Most of the biological problems are data-oriented which involves handling large amounts of data whether it be from Next-gen sequencing platforms or medical-related cohort data, all the data is to be analysed using Computational Biology and Bioinformatics pipelines using computers so that we can have highly accurate and non-redundant results. With the advancement of computational power, handling more and more data at once would become easier which will save us time as researchers. So, in the future Computational Biology and Bioinformatics will have more speed and accuracy which is the foremost requirement of any research and both fields will set an example of the same.

Bioinformatics & Computational Biology Career
Image: Future of Computational Biology & Bioinformatics

The present and the future are coding and fields associated with it like Artificial intelligence, Machine Learning, Deep Learning, Computer vision and Neural networks. Computational Biology and Bioinformatics use all the above mentioned as tools to solve complex problems related to biology which implies that both of these fields are already setting the path for the future and will thrive in the future with the advancement of all the associated fields.

Furthermore, Computational Biology and Bioinformatics always look to solve problems by using the latest and future-ready coding languages, for example, previously bioperl was used to analyse and visualise biological data which got backdated and is now replaced by more advanced languages like bio-python, python and R. Similarly, FASTA (Fast-All) which was used to match/align sequences in the past got replaced by must faster tool like BLAST (Basic Local Alignment Search Tool). So, adaptability is one of the finest qualities of both Bioinformatics and Computational Biology which ensures that it doesn’t get degraded but instead flourish in the upcoming years.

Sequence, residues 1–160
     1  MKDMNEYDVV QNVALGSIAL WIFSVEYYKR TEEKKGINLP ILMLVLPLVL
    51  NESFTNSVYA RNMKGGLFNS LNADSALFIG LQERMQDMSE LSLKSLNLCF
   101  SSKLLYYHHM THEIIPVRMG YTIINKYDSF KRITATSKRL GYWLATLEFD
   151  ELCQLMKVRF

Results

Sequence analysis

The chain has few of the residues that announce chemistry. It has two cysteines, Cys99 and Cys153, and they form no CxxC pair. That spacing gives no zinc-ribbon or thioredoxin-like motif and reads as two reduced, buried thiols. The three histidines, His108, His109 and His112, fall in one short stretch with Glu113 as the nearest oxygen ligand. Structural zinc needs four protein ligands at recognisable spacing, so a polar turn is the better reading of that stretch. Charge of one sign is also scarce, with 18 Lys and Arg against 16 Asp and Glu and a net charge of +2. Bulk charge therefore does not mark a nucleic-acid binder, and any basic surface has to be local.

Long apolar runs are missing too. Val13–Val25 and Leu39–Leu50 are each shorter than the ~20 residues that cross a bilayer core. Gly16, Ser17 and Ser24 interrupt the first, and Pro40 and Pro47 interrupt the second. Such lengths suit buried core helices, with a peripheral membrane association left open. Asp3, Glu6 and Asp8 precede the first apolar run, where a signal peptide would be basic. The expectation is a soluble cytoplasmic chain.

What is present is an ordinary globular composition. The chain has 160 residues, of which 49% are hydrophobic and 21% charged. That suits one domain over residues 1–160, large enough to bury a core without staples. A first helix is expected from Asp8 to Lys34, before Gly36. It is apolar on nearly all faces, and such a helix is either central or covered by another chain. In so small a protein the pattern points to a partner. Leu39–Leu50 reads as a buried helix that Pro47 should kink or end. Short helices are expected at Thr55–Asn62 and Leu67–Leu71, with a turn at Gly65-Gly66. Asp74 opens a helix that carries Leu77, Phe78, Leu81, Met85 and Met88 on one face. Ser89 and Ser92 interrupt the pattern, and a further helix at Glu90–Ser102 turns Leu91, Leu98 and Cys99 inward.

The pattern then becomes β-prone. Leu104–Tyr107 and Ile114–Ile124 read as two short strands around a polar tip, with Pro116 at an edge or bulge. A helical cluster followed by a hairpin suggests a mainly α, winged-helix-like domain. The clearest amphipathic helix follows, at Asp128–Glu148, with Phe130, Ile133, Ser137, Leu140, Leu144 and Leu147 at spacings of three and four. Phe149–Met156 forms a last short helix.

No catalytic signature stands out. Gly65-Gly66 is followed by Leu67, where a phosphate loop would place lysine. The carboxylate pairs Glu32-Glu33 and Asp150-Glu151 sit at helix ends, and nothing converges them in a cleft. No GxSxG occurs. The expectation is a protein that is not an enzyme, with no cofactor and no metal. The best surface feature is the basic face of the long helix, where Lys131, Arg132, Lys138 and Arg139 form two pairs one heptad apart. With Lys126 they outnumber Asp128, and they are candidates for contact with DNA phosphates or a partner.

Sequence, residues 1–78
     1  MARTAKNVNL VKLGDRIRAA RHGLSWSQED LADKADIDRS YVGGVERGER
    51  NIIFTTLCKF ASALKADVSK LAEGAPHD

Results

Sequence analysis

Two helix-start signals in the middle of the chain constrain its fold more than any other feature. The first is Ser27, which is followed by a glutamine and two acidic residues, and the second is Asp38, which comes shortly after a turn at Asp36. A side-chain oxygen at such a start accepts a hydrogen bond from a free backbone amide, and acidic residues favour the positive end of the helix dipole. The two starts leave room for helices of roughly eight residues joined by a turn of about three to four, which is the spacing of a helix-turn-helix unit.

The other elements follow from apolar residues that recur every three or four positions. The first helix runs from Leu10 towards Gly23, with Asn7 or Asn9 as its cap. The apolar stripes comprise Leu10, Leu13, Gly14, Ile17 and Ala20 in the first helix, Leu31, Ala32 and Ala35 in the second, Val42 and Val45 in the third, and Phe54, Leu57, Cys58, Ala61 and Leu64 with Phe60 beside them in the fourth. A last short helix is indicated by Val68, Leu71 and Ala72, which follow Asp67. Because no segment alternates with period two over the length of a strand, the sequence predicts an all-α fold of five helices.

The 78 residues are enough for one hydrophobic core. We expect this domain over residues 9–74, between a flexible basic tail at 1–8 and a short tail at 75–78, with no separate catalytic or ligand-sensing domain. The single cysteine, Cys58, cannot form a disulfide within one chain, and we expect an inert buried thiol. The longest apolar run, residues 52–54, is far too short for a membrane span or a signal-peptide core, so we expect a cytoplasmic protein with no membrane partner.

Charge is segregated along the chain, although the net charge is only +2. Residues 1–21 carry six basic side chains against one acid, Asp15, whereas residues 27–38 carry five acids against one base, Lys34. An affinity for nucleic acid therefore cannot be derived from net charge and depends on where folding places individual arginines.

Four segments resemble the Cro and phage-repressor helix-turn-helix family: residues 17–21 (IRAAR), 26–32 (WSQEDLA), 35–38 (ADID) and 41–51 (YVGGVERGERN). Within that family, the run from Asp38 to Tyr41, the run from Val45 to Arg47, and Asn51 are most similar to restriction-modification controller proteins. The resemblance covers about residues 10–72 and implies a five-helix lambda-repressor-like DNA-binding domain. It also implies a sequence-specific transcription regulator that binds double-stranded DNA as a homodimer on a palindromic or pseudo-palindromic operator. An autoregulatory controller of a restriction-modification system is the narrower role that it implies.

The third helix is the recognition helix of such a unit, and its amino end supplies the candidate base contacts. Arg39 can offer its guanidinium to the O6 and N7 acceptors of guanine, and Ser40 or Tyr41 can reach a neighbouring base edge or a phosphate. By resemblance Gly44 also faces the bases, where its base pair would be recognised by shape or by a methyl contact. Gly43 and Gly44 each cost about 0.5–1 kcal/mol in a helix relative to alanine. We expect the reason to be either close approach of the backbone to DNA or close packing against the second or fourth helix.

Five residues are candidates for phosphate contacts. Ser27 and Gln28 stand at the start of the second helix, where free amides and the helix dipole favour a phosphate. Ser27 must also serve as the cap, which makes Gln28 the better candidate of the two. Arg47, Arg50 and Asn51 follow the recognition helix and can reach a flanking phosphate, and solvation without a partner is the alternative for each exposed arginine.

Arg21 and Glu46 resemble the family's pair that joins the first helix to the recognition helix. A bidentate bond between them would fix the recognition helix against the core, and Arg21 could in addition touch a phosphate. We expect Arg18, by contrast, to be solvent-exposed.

As Bioinformatics and Computational Biology use the latest possible techniques to solve complex biological problems another example comes in as the use of Artificial Intelligence and Machine learning-powered tools in every subfield of Bioinformatics and Computational Biology like for protein modelling we have AlphaFold, AI/ML based Drug discovery tools by Schrödinger and MGL, Machine Learning algorithms to train the machine using genomic cohort datasets like Genome Wide Association Studies (GWAS), Phenome Wide Association Studies (PhWAS), HapMap, 1000 Genome etc. and later on using it to classify and cluster between the mix of different test sets in order to do genomic variance analysis, genomic expression profiling and designing personalised medicine based on a specific population or individual.

Computer-aided drug designing and discovery have played a major role in the advancement of medical science by adding more accuracy and being time efficient. Now with the incorporation of AI/ML tools for drug designing has further pushed the boundaries of way the drugs are designed in-silico, Both AI/ML are CADD are part of Bioinformatics and Computational Biology so with the advancement of all these tools, medical industries, pharma industries simultaneously the fields will grow to it’s true potential and will have limitless possibilities. AI/ML is the present and the future as it has immense potential to grow, Bioinformatics and Computational Biology utilises AI/ML in many fields of biology which are as follows with examples –

Applications of AI ML in Computational Biology & Bioinformatics

  1. Spotting genes associated with diseases-
  • Scientists at the University of Washington used several machine learning algorithms to design bioinformatics pipeline which includes neural networks, support vector machines, and decision tree to test their ability of predicting and classify cancer types. [4]
  • Researchers handling The Cancer Genome Atlas project deployed RNA sequencing data  and discovered that linear support vector machine was the most precise as compared to others, hitting a 95.8% accuracy in cancer classification. [5]